The exhaust gas recirculation (EGR) system is a way for cars to release cleaner emissions from the combustion engine. With the help of an EGR vacuum solenoid, some of the exhaust gas is returned to the intake manifold to be reused in the combustion process. A bad solenoid does not only mean harmful emissions. A faulty regulator may lead to poor acceleration, a rough ride, or an engine stall. With a few instructions, you'd be able to replace your EGR vacuum solenoid in a few simple steps.
Difficulty level: Easy
- Socket wrench set
- Ratchet wrench set
- New EGR vacuum solenoid
Step 1: Turn off the engine and put it in park. Since we are working with an electrical component, disconnect the battery.
Step 2: Locate the EGR vacuum solenoid. This is usually found near the EGR valve by the upper portion of the engine. Disconnect the electric wires and the two vacuum hoses on the base.
Step 3: With your socket wrench, remove the two bolts securing the solenoid to the intake manifold. Take off the regulator from the engine once all connections are off.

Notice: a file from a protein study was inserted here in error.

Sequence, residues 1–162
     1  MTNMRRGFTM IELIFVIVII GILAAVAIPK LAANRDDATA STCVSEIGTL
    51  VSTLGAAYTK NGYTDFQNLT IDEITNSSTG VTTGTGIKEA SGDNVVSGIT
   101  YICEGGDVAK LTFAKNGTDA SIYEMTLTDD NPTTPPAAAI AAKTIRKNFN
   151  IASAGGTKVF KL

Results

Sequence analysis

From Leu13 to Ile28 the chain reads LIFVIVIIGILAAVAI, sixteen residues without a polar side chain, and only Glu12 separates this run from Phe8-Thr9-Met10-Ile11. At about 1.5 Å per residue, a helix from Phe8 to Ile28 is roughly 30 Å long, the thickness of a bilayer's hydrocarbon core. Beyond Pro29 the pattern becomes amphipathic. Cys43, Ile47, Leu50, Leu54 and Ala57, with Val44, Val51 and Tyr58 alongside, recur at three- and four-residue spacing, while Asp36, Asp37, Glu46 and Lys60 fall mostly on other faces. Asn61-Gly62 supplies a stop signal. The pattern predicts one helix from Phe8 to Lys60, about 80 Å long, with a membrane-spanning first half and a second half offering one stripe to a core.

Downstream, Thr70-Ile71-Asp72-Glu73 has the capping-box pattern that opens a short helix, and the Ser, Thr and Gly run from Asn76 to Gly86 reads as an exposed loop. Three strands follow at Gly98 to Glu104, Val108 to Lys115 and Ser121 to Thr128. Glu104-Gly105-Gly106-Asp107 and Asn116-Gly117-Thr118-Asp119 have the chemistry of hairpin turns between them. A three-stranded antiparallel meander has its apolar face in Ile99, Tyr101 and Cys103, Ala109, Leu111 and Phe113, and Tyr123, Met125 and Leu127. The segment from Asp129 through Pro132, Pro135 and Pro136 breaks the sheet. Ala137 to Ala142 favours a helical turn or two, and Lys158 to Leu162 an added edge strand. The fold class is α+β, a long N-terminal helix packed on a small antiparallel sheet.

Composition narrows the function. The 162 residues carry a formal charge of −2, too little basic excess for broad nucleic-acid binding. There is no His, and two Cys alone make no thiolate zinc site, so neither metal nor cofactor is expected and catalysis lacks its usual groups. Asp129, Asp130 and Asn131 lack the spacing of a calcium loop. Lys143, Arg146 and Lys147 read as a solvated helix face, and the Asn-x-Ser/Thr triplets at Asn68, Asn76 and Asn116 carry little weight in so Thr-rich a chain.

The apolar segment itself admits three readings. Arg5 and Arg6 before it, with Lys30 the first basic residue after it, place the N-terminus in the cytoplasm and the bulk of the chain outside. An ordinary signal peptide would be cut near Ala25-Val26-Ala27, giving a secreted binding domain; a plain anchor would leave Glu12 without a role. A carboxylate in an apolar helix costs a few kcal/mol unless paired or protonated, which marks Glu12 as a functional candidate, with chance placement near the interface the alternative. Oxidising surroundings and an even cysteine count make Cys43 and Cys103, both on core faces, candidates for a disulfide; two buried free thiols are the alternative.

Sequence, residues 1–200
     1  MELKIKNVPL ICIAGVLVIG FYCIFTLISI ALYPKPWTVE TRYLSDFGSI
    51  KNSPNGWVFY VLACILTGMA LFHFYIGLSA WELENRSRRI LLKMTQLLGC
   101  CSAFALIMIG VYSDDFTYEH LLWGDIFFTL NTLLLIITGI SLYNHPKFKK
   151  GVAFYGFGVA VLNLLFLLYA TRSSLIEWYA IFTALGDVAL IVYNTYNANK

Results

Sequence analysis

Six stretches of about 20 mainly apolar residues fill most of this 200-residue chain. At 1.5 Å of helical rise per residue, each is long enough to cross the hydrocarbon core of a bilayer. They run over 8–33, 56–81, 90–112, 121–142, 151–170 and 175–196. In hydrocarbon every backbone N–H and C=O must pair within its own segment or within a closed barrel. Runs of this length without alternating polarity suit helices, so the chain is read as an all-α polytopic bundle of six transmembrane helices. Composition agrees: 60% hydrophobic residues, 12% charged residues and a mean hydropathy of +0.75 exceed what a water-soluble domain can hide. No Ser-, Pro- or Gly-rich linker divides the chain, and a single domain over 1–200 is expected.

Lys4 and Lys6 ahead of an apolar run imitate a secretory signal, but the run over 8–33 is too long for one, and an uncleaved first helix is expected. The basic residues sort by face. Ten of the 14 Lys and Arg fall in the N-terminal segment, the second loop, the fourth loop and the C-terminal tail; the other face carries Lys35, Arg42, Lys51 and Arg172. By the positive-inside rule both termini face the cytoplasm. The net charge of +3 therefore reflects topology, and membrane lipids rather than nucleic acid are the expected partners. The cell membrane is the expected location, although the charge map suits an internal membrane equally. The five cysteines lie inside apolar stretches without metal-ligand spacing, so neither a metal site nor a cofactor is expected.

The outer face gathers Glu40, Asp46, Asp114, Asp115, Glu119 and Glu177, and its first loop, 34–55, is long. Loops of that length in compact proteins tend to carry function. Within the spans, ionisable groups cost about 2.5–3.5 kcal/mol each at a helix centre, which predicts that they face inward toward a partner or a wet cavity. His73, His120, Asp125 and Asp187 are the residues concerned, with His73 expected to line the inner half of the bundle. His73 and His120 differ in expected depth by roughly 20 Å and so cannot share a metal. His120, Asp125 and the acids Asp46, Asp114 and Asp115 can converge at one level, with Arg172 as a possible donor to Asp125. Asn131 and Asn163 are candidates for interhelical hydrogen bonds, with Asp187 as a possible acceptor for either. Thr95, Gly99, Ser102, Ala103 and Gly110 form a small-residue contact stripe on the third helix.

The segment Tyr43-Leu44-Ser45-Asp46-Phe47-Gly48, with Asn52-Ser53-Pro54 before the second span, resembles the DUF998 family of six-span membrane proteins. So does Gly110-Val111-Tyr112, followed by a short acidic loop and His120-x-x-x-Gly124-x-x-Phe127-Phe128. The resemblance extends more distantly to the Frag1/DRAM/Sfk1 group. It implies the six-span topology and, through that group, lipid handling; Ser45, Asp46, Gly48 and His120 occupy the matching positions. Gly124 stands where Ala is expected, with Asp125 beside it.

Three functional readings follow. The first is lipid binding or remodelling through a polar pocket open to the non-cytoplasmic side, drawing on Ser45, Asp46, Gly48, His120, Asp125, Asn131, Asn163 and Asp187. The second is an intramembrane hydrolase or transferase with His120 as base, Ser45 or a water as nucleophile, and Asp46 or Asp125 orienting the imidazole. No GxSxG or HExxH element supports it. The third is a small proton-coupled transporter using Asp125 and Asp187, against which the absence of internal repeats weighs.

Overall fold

Step 4: Install the new vacuum solenoid. Reverse the disassembly procedure. Reattach the two bolts to secure it on the intake manifold. Next, reconnect the vacuum hoses. Plug in the wires last.
Step 5: Plug the battery and run the engine to warm up the solenoid. Test if the solenoid is properly installed. Feel if the engine is smooth and responsive.
This quick installation will take about 20 minutes.
- Some car models have a throttle cover that encases the EGR system. You can access the vacuum solenoid with a ratchet wrench.
- The device relies on computer commands to work properly. Because of this, wiring problems are common with the EGR vacuum solenoid. It is advisable to do a checkup on the wires as well when doing an EGR repair. Check the vacuum hoses too if it also needs maintenance and replacement.